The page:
Branches: As you can imagine, the paddling business is quite seasonal. We wanted to even out the load in our factory and were looking for a business that was also seasonal….but in the opposite direction. Hockey seemed like the perfect complementary business, and it worked well for us until we purchased another paddle company and were able to level the factory’s load with just paddles. And, along the way….we found out that we just didn’t have the close connection with hockey players as we do with paddlers.

Canoeing.com: Do you have tips for keeping Bending Branches paddles in good shape?
Branches: A Bending Branches canoe paddle won’t need any special care except to protect it from the elements between trips. If the finish of the paddle does become scratched or worn through, you can repair it:

  • Sand the area with a fine grit abrasive until it is smooth and dull.
  • Apply two or three thin coats of solvent-based (not water-based) outdoor or marine-grade polyurethane.
  • Rub lightly with a fine abrasive between coats for a better finish.
  • When the last coat is dry, you are ready for the water!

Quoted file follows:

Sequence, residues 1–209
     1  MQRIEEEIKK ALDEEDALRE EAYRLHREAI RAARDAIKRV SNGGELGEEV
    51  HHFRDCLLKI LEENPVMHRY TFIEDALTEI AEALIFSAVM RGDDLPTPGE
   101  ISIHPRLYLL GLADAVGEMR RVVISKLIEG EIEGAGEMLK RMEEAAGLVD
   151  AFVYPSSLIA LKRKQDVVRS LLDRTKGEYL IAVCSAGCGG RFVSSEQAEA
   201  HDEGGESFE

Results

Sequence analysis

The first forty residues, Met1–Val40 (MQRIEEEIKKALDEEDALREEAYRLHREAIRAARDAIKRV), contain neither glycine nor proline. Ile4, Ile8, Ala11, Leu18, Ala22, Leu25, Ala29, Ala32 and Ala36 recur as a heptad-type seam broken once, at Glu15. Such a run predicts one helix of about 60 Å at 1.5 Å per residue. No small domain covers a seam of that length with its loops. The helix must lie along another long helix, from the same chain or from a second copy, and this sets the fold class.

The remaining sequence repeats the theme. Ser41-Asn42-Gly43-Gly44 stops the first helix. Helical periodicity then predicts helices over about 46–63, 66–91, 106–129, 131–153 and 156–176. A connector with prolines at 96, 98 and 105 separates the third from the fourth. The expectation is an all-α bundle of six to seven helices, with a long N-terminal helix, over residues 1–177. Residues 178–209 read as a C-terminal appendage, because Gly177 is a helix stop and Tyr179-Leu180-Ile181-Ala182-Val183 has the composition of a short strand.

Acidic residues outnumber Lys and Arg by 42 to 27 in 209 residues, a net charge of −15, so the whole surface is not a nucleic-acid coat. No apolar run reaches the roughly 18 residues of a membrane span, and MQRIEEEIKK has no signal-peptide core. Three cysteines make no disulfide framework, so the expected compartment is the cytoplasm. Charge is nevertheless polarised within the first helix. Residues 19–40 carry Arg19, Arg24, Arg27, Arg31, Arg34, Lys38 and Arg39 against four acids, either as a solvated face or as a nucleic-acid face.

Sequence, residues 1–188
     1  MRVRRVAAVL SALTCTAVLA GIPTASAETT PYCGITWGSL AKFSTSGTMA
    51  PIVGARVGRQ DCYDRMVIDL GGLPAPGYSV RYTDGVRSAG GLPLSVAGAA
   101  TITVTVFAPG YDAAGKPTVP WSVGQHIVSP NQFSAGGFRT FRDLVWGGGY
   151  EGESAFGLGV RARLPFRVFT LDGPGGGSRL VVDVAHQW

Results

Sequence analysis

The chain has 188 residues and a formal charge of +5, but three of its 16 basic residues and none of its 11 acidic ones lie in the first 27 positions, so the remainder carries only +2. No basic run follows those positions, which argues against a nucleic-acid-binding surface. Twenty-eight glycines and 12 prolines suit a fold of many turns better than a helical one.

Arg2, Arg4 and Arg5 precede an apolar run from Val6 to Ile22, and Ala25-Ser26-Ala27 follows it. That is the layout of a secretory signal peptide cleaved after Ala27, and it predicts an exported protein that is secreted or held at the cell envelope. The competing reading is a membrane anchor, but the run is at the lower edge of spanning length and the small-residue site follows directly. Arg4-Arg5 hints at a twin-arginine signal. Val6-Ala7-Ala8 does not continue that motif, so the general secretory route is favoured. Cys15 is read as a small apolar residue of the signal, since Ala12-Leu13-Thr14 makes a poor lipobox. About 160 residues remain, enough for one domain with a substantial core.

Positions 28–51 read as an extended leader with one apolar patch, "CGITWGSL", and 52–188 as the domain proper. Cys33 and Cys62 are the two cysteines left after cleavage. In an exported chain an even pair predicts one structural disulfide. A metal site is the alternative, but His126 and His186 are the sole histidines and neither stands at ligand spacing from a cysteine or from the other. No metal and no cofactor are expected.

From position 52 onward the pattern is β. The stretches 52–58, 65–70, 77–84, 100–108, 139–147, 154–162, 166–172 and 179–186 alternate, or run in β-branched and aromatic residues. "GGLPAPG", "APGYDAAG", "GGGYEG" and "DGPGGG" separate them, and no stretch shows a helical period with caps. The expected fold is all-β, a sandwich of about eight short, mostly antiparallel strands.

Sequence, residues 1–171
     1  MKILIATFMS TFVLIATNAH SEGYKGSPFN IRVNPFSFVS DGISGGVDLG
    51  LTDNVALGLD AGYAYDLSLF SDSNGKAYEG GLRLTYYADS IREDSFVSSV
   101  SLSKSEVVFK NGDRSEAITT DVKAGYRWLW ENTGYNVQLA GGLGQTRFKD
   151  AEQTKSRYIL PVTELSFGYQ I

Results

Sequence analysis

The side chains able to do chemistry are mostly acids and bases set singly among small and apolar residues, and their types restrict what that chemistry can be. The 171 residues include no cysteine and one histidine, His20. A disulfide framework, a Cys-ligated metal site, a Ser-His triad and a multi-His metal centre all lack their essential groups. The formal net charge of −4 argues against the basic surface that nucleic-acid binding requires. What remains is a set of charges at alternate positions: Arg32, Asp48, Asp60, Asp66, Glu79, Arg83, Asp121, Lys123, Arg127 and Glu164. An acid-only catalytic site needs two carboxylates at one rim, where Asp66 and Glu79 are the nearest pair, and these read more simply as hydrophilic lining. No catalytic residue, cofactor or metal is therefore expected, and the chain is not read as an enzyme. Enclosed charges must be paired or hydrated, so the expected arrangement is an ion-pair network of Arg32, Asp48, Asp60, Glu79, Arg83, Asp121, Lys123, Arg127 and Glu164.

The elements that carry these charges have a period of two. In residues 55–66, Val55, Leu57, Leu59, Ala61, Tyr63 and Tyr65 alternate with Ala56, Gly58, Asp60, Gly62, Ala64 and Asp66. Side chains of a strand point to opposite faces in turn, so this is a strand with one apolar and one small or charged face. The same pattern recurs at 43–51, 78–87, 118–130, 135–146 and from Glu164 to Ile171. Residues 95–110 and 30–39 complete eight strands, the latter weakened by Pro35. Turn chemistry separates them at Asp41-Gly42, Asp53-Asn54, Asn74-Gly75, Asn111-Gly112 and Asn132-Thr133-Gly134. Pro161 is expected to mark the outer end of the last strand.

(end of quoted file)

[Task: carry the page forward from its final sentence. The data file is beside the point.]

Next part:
• If the wood is damaged, sand the area aggressively with 100 or 120 grit sandpaper to smooth the wood and remove any discoloration.
  • Treat the sanded area with 3 or 4 coats of polyurethane as described above.

If the job is more than you feel you can handle, we will repair your paddle for a small charge.

About Bending Branches Paddles

In the final stage of sanding, the paddle is made perfectly smooth. Only the most senior and longest-tenure staff handle this important step.

Canoeing.com: What’s your personal Bending Branches canoe paddle of choice for a week in the Boundary Waters?
Branches: My new personal favorite is Bending Branches’ all-carbon Black Pearl paddle. I also like the Viper…maybe I’d just take both!

Canoeing.com: What should a customer consider when they pick out a canoe paddle?
Branches: A paddle that fits you and your paddling style can make the difference between a fun, rewarding experience on the water or sore hands and shoulders.

Consider your boat:

  • General-purpose, family tandem canoe: use the sizing chart below to select your paddle.
  • Narrow tripping canoes (with tumblehome—inward leaning—gunwales or low seats): select a paddle with a shorter shaft (typically by one size).